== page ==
As a former Dragon on BBC Online Dragons Den, serial entrepreneur and Scottish Sun Columnist Shaf Rasul gives us his tips on valuing a business or how to value a company. ,
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How do you value a business? You might think it’s a similar question to asking how long is a piece of string. Surely there’s no one-size-fits-all answer to this question? In today’s Ask Shaf, I’m going to shed some light on how to value your business and why it’s important that you know its true worth.
It’s vital you know the value of your business, and not only if you want to sell it. If you need to secure investment, want to set a fair price for shares or you want to start growing your firm, knowing its value is a basic part of that.
I was once offered a five per cent share of a business for £20,000. You’d be surprised at the number of people who don’t do the simple calculation to work out how much such a proposal would value the whole business at. I checked the owner was aware that with that proposition, the business was valued at £400,000. He was well aware but the business revenue had only been £7,500 in the past year and hadn’t yet made a profit. Could that seemingly high valuation be correct? Strangely enough, it might be.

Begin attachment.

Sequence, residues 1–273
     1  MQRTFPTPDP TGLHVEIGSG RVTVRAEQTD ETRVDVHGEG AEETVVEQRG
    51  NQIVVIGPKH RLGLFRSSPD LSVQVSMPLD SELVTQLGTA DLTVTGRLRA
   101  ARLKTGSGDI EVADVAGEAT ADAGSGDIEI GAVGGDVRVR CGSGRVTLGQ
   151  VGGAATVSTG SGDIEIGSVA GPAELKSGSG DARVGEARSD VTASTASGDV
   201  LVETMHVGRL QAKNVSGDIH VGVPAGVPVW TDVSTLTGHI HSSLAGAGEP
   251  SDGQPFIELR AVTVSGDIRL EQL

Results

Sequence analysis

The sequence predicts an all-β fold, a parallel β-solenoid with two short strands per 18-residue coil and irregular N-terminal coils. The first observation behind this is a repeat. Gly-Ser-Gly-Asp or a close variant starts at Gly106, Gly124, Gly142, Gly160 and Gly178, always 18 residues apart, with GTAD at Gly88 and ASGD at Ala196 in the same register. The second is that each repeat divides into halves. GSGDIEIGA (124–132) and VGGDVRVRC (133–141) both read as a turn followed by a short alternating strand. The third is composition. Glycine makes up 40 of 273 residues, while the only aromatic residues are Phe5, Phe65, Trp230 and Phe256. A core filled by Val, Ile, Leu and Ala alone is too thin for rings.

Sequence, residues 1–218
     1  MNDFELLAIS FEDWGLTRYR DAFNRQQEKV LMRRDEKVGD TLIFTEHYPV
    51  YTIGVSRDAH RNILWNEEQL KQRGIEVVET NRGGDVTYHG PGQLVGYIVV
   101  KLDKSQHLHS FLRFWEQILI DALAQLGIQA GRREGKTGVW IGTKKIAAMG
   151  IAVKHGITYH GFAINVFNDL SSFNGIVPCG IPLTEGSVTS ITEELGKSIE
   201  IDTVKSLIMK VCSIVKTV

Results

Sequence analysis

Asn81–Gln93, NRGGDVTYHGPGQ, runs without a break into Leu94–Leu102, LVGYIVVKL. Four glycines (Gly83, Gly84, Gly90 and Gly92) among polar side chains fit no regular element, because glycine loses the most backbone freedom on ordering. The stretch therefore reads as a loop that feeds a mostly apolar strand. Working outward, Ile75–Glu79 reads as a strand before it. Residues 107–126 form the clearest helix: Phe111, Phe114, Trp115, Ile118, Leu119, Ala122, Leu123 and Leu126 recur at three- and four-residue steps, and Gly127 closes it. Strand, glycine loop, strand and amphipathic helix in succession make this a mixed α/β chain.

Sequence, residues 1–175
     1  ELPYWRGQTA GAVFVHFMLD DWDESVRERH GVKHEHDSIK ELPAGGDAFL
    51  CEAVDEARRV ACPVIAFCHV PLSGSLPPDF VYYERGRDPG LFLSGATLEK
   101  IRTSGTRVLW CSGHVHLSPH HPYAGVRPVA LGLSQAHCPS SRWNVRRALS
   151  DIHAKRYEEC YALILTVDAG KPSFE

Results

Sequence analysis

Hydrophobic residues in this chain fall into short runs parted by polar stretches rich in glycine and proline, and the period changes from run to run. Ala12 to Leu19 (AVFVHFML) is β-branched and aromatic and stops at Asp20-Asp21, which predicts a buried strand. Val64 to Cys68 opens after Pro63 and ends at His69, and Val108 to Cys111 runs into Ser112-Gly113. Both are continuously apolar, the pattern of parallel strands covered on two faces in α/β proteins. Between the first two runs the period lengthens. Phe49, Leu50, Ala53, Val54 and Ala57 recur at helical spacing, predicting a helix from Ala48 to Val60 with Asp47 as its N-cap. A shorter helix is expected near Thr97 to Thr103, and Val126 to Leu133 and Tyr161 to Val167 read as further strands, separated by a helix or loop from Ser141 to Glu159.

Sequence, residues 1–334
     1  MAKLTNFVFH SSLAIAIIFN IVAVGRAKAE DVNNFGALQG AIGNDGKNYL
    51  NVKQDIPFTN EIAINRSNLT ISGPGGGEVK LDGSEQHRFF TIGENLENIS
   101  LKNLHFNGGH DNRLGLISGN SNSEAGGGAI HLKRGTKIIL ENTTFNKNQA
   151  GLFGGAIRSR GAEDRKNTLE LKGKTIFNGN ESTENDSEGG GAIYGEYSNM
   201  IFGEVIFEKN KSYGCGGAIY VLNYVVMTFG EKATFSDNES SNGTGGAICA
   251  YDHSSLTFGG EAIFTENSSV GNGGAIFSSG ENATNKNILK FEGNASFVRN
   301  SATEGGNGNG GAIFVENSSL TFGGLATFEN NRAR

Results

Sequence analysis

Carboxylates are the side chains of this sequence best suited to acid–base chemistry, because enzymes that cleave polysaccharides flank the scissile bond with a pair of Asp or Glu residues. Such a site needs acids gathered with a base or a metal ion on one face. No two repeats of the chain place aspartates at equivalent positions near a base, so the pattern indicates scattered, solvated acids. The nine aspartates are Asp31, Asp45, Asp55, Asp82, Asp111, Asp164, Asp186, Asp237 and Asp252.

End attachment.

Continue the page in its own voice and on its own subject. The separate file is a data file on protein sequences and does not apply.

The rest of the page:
I’ll explain why. Let’s take a step back from a business and look at houses. How do we know what our house is worth? We can check what similar properties nearby have sold for or ask an estate agent for a valuation. But you won’t know the exact figure until your house has been put on the market and has sold. That’s what market value is. It’s the price that a buyer pays for a house, a car or a business. The buyer decides what the business is worth.
An investor might be considering putting their money in your business. Any shrewd investor knows timing is key and their money will give you the chance to seriously ramp up the amount of business you are doing. Imagine the shape of an ice hockey stick on a graph. It starts fairly straight and then shoots up. It’s at that point smart investors want to get involved. That’s why the £7,500 a year business could be correctly valued at £400,000. The entrepreneur will have to know every single detail of his business and business plan to prove this to investors though. Rapid growth has to be just around the corner and potential investors need to be convinced of this too.
It goes without saying that an investor wants to make a good return. They could take a salary as a non-executive director but that reduces profits and cashflow, limiting business growth. They could take dividends but that’s only practical for a medium-term investment. What’s more likely is they will try to sell the business for way more than they invested. To do this, they need to show scalability – a huge growth in volume and a growth in profits.
Valuing a business isn’t an exact science but current profits and potential growth in the future is a great indicator. Ultimately though, it’s only worth what someone will pay and nothing is certain until everything is signed on the dotted line. What do you think? Let me know and don’t forget to like, comment and subscribe.
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